Acquiring Diabetes at the age of 14 vectored in a lot of fears, insecurities, worry, adjustment, relationship and social challenges.  All of these things combined with the constant presence of the disease and its ups and downs naturally has an affect on the way one thinks about things and does things.  Over the past 7 years and especially the last three I have gone inward to push against the negative and find the positive.  I have realized a level of acceptance that I never thought I could achieve.  And that has yielded a higher level of responsibility – The ability to respond to the task at hand.  We, as type 1 diabetics are always walking on a high wire, trying to stay in a range.  We will fall out of the range often.  The pump is one of the best tools in assisting us in our balancing act.  But it is only one tool.  Persistence, Patience, Faith, Courage, Restriction, Compassion make up a few of the foundational pillars of being able to stay up on the wire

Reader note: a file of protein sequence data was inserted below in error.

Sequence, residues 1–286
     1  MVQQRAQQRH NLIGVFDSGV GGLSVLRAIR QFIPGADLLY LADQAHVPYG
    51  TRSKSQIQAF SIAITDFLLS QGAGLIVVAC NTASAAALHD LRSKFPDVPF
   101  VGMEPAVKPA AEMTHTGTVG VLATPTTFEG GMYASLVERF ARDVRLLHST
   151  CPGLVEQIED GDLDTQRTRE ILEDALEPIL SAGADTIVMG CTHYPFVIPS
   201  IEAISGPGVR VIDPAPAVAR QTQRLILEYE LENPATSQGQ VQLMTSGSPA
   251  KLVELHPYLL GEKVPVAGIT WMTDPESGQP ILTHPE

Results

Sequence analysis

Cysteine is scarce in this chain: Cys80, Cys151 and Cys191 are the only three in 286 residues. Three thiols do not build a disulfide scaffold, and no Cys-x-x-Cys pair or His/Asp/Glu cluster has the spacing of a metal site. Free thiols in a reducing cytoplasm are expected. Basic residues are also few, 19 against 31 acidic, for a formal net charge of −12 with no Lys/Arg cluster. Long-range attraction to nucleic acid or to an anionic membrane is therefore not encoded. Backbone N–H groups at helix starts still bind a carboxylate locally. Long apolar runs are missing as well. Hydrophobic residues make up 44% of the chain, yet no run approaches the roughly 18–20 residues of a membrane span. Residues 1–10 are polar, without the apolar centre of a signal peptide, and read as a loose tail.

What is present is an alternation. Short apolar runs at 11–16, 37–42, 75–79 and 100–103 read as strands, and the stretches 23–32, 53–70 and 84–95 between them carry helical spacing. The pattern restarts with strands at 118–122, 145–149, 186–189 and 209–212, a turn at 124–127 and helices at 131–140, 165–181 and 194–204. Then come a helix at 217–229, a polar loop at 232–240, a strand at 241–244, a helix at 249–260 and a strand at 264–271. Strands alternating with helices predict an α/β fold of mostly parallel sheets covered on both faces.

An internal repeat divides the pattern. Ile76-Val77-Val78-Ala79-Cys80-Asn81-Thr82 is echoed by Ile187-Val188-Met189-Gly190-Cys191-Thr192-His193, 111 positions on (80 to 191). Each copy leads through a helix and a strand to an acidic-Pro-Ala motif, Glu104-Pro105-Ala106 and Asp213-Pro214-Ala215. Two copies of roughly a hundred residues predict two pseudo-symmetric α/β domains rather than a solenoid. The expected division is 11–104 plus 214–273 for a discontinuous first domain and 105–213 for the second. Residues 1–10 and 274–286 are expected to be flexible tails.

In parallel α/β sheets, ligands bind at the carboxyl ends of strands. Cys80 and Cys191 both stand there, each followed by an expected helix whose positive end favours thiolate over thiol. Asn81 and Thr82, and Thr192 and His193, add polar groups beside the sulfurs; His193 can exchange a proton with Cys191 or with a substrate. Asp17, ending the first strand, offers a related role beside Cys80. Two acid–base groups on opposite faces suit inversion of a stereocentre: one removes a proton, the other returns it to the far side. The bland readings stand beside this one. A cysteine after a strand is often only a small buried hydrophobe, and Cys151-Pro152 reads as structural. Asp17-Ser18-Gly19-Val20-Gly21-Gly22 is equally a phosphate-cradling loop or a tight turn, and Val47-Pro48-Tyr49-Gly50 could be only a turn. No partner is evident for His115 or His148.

and perhaps, more importantly, being able to get back up when falling off.  These attributes can be ingrained throughout the Animas training program to both their clients and extending out to their caregivers.  These are the ingredients that make up the optimal attitude for a type 1 diabetic.  It is a bold approach but when one considers the present state of diabetes education and training it is a badly needed approach that, in my opinion, will increase sales dramatically.  And when you increase sales you are going to be lowering the A1C of the Type 1 Diabetic population, reducing complications, easing the worry and concern of parents, siblings and friends, and enhancing the performance of primary care physicians and endocronologists.  That is a noble mission with very cool results.